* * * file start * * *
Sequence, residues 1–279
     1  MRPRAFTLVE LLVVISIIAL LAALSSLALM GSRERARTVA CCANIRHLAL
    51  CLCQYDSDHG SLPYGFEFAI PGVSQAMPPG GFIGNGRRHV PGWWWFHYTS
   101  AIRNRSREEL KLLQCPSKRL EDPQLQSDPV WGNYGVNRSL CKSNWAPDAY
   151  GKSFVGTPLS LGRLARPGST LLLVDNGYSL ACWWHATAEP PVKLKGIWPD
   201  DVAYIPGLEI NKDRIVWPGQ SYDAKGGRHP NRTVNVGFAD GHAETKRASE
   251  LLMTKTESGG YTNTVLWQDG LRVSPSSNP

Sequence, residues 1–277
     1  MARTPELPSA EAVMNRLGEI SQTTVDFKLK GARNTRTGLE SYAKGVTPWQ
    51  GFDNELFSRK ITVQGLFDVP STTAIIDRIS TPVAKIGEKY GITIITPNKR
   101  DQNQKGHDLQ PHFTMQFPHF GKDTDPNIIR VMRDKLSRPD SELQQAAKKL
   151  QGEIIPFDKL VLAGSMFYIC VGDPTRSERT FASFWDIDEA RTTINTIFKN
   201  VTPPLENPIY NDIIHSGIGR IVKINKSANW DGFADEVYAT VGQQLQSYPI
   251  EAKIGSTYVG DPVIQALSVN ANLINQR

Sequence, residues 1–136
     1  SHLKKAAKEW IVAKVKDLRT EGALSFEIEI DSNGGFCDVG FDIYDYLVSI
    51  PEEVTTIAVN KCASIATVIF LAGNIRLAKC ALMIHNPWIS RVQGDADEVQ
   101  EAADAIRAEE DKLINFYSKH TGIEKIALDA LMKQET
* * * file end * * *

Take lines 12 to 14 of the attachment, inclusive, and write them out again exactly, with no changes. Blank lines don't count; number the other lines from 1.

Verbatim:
   151  QGEIIPFDKL VLAGSMFYIC VGDPTRSERT FASFWDIDEA RTTINTIFKN
   201  VTPPLENPIY NDIIHSGIGR IVKINKSANW DGFADEVYAT VGQQLQSYPI
   251  EAKIGSTYVG DPVIQALSVN ANLINQR